The ninth inning in New York belongs to Rivera, who accepted a cut in guaranteed money when he finalized a $10 million, one-year contract after missing most of the season with a knee injury.

The career saves leader, who turned 43 on Thursday, took a cut from his $30 million deal that covered the last two years - but he can earn additional money in award bonuses.

Rivera was limited to nine games this year after tearing the anterior cruciate ligament in his right knee while shagging fly balls during batting practice in Kansas City on May 3.

``Like I've been saying, I didn't want to go out like that,'' he said in a statement. ``I didn't want that to be the last image. But it wasn't an easy decision because there's more than just baseball with me. ... I'm not just coming back to play. I'm coming back to win.''

Rivera, with 608 saves in the regular season and 42 more in the postseason, is a 12-time All-Star. The Yankees say his recovery from June 12 knee surgery will be complete by opening day.

By then, Martin will be handling a new pitching staff in Pittsburgh after spending the past two seasons with New York.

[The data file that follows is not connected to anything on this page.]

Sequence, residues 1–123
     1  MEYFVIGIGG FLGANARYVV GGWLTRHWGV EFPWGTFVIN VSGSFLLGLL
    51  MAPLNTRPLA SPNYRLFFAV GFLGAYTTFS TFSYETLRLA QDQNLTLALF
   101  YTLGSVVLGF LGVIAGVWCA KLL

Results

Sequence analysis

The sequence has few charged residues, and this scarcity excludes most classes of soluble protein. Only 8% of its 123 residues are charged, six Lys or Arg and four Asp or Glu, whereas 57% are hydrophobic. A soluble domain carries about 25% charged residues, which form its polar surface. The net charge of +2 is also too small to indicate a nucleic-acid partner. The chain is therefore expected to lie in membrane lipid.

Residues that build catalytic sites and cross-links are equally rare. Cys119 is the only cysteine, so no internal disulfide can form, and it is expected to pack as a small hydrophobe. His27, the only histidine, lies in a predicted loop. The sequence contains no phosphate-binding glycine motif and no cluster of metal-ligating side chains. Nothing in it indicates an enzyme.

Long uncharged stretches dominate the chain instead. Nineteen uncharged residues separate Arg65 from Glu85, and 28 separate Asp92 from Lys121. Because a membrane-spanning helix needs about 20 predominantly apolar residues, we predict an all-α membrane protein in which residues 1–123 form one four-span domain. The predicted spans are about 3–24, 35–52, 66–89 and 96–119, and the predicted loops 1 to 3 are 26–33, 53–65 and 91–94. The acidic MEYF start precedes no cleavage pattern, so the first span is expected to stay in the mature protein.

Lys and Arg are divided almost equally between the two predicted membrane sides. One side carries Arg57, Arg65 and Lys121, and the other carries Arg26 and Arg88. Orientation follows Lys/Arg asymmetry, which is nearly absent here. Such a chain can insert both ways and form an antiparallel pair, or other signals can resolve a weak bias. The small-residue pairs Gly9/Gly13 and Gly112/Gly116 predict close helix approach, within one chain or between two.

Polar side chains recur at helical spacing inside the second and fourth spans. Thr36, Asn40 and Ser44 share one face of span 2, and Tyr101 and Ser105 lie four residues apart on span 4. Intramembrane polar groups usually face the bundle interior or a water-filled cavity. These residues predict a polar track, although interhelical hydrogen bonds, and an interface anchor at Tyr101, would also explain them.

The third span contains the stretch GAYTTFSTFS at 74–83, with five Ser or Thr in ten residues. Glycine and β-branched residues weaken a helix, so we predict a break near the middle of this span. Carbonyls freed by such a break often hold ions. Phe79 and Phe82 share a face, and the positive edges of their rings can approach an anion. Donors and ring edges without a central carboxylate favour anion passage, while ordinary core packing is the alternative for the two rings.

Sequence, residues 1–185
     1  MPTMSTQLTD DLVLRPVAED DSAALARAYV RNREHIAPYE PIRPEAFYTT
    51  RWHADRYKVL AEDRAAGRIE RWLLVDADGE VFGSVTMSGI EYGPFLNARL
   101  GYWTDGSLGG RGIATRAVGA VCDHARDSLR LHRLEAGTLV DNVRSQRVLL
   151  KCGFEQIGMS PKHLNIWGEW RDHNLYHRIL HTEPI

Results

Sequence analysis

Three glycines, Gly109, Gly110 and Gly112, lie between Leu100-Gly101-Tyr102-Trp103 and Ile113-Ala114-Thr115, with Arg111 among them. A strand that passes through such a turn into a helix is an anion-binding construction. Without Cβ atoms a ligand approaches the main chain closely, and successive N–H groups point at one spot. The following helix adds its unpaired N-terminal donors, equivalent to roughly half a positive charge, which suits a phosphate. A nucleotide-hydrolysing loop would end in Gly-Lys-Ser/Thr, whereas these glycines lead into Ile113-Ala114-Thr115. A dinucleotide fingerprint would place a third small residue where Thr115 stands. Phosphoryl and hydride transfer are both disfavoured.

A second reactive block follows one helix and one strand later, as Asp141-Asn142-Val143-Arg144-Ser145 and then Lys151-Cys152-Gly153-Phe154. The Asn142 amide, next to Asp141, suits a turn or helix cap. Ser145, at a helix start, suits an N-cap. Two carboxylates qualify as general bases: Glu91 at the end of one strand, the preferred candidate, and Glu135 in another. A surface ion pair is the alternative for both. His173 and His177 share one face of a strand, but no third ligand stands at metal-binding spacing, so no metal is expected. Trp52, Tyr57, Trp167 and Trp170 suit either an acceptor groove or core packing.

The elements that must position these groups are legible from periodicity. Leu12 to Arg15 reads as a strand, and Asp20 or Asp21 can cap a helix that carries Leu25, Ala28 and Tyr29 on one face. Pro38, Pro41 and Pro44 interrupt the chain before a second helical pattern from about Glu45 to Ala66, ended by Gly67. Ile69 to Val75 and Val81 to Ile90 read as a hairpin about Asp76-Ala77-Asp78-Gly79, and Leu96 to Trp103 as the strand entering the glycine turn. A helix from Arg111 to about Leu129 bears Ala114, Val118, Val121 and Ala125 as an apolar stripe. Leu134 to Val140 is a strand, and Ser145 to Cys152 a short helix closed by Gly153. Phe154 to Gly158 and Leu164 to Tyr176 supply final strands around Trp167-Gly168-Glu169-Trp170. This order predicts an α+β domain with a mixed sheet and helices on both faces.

The free-agent catcher goes from a franchise that's won a record 27 World Series titles to a team that has endured a record 20 consecutive losing seasons.

``It's going to be different,'' Martin said. ``It's going to be a challenge but I think the Pirates have a young and electric club. There is a lot of talent there and I don't think we're as far away from winning as maybe people outside baseball think we are.''

Humber, who threw a perfect game for the Chicago White Sox last season, was claimed off waivers by the Astros and agreed to a one-year contract. He gets an $800,000 salary next year and Houston holds a club option for $3 million in 2014 with a $50,000 buyout.